The Journal

The Selvedge Resurgence

Whether you throw on jeans without a second thought or see yourself as a die-hard Denim Head, chances are you’ve heard of selvedge denim. Identified by the clean, colored lines that run along the inseam, selvedge denim is simple, stylish, and sophisticated—and it’s coming back in a big way.

What is Selvedge?

Selvedge denim is made with a self-finished edge (selvedge literally means self-edge). While most denim is produced in big sheets with frayed edges, selvedge fabric is sealed at the ends, comes in much more narrow rolls, and has more tightly woven threads.

Photo: Toyoda Shuttle Loom at Rest by Adam Marelli

A Different Kind of Loom

The reason for this difference is how it’s made. Selvedge denim is only woven on old-fashioned shuttle looms. While they can’t produce fabric nearly as quickly as more modern projectile looms, there’s a definite difference in quality. Selvedge denim tends to be more tightly woven and more durable. It also has more variation in the fabric – and while this was once seen as a flaw, it’s now viewed as giving the material more character.

History of Selvedge

Until the 1950’s, the shuttle loom dominated textile mills worldwide. All denim was selvedge denim. From the riveted Levi Strauss workpants in the 1800’s to the jeans worn by American G.I.s returned from WWII, selvedge denim was the dominant American style, complete with that characteristic clean stitch up the inseam of their jeans.

However, when demand for American jeans went through the roof, companies looked for a way to make them faster and cheaper. Their solution was the projectile loom – it could weave six times as fast as old shuttle looms and make bolts of fabric over twice as large. The fact that it lost that self-finished edge wasn’t seen as much of a problem.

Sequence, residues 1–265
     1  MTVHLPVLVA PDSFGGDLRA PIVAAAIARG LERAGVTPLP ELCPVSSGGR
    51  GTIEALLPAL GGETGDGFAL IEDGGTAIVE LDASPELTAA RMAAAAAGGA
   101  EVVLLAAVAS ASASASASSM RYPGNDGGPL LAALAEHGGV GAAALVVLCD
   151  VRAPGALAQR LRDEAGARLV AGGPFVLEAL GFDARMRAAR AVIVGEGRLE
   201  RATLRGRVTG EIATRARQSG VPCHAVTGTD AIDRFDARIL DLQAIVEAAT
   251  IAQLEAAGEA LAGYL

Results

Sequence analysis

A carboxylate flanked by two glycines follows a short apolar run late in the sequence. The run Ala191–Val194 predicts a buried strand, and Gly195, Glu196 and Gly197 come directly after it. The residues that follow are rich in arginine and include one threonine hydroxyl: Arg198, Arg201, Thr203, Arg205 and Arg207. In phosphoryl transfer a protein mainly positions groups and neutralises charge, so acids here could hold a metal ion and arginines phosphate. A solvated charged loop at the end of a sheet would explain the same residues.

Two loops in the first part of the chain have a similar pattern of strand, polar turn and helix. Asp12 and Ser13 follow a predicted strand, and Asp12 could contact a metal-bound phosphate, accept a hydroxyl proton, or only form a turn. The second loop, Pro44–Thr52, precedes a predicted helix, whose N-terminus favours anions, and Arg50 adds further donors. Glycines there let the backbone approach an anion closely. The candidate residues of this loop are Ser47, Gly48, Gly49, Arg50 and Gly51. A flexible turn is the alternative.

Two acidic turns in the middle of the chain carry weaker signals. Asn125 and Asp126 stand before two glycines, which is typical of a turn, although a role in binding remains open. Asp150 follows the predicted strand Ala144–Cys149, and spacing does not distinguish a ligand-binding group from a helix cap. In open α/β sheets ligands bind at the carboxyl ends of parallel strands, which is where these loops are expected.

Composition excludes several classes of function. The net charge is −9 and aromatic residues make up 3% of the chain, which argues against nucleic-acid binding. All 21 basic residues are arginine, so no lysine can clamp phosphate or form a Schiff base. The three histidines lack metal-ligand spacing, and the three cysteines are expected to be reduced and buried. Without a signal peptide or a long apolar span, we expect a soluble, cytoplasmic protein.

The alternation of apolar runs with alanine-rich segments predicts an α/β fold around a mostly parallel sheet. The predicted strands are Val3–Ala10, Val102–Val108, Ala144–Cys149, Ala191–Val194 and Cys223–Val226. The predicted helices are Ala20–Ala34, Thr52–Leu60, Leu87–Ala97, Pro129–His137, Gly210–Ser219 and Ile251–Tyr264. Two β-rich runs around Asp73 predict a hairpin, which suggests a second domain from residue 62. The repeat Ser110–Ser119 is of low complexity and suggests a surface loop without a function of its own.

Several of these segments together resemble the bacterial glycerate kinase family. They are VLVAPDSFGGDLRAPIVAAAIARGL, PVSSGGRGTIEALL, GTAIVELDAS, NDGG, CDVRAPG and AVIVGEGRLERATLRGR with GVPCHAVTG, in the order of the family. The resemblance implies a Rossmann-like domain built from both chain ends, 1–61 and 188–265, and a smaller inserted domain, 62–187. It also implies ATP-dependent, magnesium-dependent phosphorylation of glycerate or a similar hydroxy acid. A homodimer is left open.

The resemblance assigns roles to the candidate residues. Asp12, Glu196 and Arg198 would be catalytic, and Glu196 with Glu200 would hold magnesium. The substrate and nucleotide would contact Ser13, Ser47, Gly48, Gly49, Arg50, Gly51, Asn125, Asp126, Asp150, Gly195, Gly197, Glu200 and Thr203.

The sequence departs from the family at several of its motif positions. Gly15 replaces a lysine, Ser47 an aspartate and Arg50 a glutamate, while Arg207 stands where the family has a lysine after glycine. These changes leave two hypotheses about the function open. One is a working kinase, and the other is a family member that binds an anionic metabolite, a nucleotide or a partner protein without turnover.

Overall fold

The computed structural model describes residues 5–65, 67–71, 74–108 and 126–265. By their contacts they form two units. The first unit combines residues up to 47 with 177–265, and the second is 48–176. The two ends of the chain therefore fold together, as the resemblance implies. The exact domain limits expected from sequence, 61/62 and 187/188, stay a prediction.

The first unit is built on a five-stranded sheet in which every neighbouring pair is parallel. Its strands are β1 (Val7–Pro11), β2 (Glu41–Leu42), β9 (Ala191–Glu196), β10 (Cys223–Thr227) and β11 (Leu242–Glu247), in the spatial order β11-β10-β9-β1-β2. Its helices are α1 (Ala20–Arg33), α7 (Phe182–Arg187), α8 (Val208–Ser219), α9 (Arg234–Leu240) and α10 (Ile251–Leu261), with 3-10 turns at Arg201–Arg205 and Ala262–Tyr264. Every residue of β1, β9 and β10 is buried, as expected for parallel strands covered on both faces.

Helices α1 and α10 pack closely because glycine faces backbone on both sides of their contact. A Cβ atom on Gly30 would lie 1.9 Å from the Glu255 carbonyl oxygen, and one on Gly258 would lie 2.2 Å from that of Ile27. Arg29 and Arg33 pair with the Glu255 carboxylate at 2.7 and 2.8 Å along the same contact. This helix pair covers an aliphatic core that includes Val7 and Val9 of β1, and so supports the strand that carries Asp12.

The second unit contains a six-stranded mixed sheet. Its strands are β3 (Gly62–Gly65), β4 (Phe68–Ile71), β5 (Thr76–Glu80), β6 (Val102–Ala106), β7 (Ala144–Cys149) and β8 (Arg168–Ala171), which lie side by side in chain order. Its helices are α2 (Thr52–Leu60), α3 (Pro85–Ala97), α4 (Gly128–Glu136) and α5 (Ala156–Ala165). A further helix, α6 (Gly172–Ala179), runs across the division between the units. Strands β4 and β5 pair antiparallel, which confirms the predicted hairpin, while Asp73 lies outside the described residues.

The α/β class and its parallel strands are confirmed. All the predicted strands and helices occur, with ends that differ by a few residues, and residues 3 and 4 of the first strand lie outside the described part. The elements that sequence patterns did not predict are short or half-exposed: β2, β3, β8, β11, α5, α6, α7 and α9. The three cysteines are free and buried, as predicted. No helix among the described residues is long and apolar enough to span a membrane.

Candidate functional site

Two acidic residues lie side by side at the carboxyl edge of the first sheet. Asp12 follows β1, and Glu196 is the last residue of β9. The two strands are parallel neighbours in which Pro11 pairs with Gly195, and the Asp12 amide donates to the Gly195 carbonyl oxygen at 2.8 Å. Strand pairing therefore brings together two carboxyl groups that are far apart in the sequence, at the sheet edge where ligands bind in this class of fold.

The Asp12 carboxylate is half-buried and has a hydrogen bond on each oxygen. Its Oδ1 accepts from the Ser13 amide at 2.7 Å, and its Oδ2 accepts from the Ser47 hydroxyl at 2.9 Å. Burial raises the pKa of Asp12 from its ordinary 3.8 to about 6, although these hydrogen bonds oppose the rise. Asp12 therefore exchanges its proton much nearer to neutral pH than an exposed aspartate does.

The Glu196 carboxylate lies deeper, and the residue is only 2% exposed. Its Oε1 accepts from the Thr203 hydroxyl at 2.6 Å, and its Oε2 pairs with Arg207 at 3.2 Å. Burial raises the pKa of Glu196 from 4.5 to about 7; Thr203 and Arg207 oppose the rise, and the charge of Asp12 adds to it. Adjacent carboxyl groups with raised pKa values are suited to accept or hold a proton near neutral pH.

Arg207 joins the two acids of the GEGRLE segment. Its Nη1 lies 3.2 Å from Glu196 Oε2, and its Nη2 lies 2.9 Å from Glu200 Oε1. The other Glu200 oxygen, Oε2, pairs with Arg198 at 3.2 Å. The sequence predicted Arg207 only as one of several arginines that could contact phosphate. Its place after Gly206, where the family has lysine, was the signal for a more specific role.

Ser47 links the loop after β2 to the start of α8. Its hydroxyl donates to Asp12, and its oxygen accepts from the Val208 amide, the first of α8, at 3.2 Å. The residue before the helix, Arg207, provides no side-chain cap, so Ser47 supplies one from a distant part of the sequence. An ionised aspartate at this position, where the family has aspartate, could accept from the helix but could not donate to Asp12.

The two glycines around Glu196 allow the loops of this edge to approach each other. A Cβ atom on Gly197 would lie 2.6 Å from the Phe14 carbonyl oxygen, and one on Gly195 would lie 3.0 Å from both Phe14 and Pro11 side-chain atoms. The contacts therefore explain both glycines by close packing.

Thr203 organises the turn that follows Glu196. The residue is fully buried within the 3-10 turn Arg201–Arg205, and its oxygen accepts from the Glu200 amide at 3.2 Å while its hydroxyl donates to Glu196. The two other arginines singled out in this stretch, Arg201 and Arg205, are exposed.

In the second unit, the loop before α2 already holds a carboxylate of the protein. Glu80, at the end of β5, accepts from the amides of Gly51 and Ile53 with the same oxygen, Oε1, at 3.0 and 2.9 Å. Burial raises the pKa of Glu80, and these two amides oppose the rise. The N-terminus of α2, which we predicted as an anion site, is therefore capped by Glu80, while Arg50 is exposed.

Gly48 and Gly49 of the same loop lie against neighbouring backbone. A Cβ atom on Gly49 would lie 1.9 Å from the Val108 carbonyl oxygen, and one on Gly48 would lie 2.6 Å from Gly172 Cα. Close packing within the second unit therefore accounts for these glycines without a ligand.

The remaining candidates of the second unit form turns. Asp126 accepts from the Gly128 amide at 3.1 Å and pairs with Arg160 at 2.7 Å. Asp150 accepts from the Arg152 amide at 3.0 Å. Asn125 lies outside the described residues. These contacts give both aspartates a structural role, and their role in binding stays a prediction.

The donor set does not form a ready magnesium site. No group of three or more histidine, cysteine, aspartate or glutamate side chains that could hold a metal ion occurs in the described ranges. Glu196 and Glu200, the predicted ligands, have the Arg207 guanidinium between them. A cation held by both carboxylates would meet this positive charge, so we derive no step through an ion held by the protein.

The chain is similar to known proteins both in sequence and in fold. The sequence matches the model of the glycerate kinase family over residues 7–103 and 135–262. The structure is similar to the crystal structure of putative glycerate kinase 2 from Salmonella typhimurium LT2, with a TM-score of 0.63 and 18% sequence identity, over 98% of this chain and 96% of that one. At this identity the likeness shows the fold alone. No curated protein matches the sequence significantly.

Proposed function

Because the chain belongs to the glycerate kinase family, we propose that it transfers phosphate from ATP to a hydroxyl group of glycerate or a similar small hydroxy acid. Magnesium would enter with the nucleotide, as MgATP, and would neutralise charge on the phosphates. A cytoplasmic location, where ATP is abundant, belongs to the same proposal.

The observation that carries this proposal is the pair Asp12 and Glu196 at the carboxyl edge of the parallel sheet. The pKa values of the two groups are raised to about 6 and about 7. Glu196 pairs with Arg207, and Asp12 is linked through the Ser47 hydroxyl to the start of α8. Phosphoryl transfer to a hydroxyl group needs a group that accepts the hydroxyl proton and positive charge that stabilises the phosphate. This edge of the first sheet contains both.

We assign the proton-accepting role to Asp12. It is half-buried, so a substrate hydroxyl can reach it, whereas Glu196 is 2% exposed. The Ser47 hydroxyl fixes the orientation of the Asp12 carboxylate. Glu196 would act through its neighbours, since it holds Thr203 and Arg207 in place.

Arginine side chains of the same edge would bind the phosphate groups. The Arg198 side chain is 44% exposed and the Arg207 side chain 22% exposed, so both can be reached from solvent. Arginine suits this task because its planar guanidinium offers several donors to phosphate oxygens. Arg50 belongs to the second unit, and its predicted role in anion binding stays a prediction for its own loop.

Photo: Kentucky Mill Works (

The Japanese Selvedge Takeover

While non-selvedge denim began to dominate the market in America, Japan fell in love with the classic style of selvedge denim. Japanese companies started buying up old shuttle looms from American companies and producing their own selvedge denim. They haven’t stopped since. Today, Japanese selvedge is the gold standard, and while all our jeans at RPMWEST are constructed here in America, they’re made from top quality Japanese selvedge denim.

The Raw Difference

Another word you often hear with selvedge is “raw”. This means that the denim’s never been washed. It has a bit stiffer feel, but it also gives the denim the ability to break in and conform to the wearer’s body in unique ways. More and more people are opting for raw denim because it allows your jeans to tell your story – over time, it’ll gain creases and honeycomb fades that won’t be present on any other pair of pants. Softening the fabric and getting those subtle unique fades takes a little patience, but it’s well worth the wait.

To Wash or Not to Wash?

Hardcore raw denim fans will tell you never to wash your jeans. As soon as you do, the indigo gets burned into the fabric, and they won't gain character quite as quickly. If the thought of not washing your jeans disgusts you, you can check out our WIUEP Denim Mist and Washing Solution for a quick and easy way to clean your jeans without ruining the denim. After all, every great denim deserves a great fade and personal treatment.

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